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The Social Process and the Transgenerational Transmission of Trauma in Chile

  • David Becker
  • Margarita Diaz
Part of the The Plenum Series on Stress and Coping book series (SSSO)

Abstract

At the end of the Chilean dictatorship, one could have expected that a central political goal would be the active participation of the population in the democratization process. But this clearly did not happen. To the contrary, in the process of transition toward democracy, it became obvious that the internalization of political threats and the mechanisms of self-repression maintain themselves after the end of the dictatorship. Repressive processes that were open during the military government are being converted into less visible but even more effective authoritarian structures in the new democracy. There is no real social and political participation. People succumb and wait to see what the government will do. A society of alienated subject develops, in which participants feel distant and mistrustful toward the political process, even more so, because they wrongly supposed that they might be central to the new order.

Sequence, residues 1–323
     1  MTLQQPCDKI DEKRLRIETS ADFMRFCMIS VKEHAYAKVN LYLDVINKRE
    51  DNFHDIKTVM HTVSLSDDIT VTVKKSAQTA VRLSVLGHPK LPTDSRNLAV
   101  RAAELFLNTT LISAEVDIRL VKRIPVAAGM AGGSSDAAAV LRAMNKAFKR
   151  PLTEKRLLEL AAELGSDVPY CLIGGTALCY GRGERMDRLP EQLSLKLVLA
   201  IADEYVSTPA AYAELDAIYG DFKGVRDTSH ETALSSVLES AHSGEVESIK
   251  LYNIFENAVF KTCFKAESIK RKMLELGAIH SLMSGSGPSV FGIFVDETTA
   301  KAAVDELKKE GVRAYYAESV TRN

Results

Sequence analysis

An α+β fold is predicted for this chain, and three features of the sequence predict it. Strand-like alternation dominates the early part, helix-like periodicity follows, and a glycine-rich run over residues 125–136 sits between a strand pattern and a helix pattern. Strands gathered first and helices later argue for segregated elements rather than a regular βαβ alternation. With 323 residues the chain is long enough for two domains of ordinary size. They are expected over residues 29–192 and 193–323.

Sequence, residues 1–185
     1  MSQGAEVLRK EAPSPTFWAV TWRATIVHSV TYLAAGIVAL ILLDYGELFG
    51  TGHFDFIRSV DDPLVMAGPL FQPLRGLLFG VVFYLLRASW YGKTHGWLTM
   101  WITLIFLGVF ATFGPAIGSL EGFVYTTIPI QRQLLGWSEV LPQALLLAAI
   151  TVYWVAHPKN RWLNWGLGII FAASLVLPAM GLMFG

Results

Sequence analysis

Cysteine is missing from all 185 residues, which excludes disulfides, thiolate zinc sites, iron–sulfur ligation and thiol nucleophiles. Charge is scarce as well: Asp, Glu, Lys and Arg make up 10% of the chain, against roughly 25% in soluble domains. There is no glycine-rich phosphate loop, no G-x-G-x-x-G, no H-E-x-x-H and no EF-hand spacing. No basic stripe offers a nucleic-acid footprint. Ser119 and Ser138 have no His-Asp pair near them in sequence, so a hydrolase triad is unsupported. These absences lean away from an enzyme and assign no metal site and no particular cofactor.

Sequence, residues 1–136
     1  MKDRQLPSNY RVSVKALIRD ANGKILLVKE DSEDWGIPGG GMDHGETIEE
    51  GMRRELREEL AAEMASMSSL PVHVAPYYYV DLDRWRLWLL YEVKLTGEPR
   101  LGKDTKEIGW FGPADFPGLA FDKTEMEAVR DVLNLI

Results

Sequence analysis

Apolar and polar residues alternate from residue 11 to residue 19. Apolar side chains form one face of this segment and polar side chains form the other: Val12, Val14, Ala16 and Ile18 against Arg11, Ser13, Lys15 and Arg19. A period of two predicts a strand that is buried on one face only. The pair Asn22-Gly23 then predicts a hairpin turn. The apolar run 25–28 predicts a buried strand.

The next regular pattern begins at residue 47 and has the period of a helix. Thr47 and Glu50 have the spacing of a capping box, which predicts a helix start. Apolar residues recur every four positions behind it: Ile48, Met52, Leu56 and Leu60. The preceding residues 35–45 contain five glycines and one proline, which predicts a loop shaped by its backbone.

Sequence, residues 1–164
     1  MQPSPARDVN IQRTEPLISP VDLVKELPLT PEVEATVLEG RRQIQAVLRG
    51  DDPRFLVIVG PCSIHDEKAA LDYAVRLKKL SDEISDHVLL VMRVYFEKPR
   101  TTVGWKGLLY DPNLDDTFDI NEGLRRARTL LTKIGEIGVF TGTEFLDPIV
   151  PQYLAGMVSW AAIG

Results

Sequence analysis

Keywords

Social Process Political Participation Traumatic Experience Object Relationship Traumatic Situation 
These keywords were added by machine and not by the authors. This process is experimental and the keywords may be updated as the learning algorithm improves.

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Copyright information

© Springer Science+Business Media New York 1998

Authors and Affiliations

  • David Becker
    • 1
  • Margarita Diaz
    • 1
  1. 1.Instituto Latinoamericano de Salud Mental y Derechos HumanosNunoa, SantiagoChile

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